We learned over a decade ago from the Arizona investigators that compression continuity was the most important metric for survival. A new study in Circulation, using a different analytical approach, confirmed the association:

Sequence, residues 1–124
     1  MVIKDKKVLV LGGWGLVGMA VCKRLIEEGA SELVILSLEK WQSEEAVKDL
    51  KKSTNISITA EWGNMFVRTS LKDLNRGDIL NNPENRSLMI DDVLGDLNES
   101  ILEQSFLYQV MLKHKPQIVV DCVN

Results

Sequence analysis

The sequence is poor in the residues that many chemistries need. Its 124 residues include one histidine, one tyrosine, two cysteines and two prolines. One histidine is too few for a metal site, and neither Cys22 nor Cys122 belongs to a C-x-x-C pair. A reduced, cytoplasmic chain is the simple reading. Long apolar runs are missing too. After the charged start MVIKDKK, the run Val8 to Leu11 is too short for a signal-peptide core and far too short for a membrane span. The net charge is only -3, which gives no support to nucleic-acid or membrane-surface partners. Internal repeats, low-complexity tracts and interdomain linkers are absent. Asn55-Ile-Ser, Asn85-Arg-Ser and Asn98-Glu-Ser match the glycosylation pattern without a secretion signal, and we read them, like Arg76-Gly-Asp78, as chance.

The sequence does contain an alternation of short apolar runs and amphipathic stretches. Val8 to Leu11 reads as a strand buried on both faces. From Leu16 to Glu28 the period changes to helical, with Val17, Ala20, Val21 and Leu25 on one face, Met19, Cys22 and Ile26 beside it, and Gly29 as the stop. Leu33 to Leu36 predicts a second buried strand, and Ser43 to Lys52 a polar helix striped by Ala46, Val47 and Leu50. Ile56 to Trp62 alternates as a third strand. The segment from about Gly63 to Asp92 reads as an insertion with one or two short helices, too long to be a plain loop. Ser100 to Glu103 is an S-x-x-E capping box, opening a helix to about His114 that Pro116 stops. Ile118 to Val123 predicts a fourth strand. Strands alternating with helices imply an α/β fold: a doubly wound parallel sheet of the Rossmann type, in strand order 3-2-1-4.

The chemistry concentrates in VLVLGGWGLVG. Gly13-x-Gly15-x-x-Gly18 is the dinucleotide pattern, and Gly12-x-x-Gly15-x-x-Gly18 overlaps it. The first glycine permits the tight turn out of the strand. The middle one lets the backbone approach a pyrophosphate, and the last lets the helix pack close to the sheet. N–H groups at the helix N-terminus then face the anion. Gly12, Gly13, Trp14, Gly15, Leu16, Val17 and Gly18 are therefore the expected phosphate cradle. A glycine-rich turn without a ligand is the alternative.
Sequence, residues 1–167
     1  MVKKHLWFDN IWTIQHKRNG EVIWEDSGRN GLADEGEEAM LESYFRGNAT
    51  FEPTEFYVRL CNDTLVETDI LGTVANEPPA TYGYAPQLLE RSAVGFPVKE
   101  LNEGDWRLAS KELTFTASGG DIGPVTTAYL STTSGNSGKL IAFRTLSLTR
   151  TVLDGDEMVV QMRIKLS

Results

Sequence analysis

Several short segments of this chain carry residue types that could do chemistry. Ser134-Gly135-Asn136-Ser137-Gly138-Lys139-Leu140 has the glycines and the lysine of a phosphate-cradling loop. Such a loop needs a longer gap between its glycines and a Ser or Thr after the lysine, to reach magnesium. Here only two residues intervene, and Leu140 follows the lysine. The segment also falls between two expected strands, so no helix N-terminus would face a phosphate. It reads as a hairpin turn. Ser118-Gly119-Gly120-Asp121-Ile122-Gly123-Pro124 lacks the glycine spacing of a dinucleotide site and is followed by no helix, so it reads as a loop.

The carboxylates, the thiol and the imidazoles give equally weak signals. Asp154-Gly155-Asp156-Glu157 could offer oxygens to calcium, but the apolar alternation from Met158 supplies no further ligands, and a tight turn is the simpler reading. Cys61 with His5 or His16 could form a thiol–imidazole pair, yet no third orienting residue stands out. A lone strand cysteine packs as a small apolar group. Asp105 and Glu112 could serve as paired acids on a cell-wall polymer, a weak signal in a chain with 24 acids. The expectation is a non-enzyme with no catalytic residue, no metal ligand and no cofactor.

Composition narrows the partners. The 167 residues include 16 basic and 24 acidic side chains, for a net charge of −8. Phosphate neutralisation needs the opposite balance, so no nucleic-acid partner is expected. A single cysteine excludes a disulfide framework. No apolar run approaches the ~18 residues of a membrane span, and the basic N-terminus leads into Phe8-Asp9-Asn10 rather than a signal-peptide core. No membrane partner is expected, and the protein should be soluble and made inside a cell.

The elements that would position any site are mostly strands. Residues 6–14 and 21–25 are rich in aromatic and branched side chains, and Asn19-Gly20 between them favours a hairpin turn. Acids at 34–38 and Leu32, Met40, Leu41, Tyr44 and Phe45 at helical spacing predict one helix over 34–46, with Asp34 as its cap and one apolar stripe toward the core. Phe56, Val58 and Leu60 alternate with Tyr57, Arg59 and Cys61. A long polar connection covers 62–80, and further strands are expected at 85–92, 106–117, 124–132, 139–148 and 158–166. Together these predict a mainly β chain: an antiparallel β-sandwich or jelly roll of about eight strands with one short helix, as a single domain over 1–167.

Methods and Results—In 319 patients with ventricular tachycardia/fibrillation out-of-hospital cardiac arrest, we analyzed recordings from all defibrillators used during resuscitation and measured durations of all CPR pauses. Median (25th, 75th percentile) durations in seconds were 32 (22, 52) for the longest pause for any reason, 23 (14, 34) for the longest peri-shock pause, and 24 (11, 38) for the longest non-shock pause. Multivariable regression models showed lower odds for survival per five second increase of the longest overall pause (OR 0.89, 95%CI 0.83-0.95), longest peri-shock pause (OR 0.85, 95%CI 0.77-0.93), and longest non-shock pause (OR 0.83, 95%CI 0.75-0.91). In 36% of cases, the longest pause was a non-shock pause; this subgroup had lower survival than cases where the longest pause was a peri-shock pause (27% vs 44% respectively, p less than 0.01) despite a higher chest compression fraction. Pre-shock pauses were 8 seconds (4, 17) for shock that terminated ventricular fibrillation and 7 seconds (4, 13) for shocks that did not (p=0.18).